Alphonzo Cross, co-owns Parlor Cocktail Denwith his sister in Atlanta, Georgia.

“We didn’t get to even open at all that week. And it also didn’t make financial sense for us to open that night or Friday night when there was just so much uncertainty, and to be quite honest, people were starting to get nervous already. Right now, you have this particular COVID scenario deeply affecting economically African-American communities because they were never set up to win to begin with”, Cross said.

Places where all this economic sort of economic wealth engine is trucking along pretty hard core, right? Black business owners can’t even get a lease.

Experts say the pandemic has exposed existing racial inequalities.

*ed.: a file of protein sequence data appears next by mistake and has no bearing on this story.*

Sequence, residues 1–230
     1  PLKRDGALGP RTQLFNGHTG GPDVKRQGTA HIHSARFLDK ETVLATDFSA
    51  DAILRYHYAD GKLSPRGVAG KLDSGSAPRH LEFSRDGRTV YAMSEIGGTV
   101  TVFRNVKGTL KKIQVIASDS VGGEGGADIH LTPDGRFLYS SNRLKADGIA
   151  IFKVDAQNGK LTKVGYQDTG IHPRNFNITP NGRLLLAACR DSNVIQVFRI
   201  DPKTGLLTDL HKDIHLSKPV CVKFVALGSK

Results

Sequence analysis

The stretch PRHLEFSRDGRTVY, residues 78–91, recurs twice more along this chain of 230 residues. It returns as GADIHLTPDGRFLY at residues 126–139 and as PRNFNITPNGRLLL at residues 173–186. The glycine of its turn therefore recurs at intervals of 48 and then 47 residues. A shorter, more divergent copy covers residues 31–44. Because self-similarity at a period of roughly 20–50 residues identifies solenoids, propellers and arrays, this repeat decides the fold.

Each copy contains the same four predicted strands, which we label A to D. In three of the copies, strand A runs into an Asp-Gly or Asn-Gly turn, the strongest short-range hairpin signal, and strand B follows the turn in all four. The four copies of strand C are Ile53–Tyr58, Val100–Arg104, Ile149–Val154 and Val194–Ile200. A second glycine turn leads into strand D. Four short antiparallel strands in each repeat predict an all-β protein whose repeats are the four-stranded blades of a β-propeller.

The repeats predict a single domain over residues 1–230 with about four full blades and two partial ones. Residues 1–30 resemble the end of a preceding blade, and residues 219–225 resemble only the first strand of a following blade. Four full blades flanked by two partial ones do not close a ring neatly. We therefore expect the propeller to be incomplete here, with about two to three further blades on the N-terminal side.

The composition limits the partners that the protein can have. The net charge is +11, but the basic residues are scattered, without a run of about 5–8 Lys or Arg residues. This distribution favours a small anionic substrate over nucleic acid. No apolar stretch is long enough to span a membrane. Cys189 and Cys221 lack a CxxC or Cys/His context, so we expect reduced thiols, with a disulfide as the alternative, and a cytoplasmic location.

“African-American businesses come to the pandemic smaller, less substantially capitalized, less of a reserve in cash and money and therefore harder to weather the storm”, President and CEO of the National Urban League, a civil rights and urban advocacy organization said.

Alphonzo Cross laments the pressure on black businesses due to economic inequalities.

‘‘Places where all this economic sort of economic wealth engine is trucking along pretty hard core, right? Black business owners can’t even get a lease. You can operate, but you have to operate in a particular part of town. By operating in a less enfranchised part of town, right so a disenfranchised part of town, by operating in a part of town that is underdeveloped as other parts of town, you now are setting that business owner up for failure when there are economic downturns”, he added.

Many believe it could also wipe out whatever progress has been made toward building black generational wealth. This has long lagged behind other racial groups.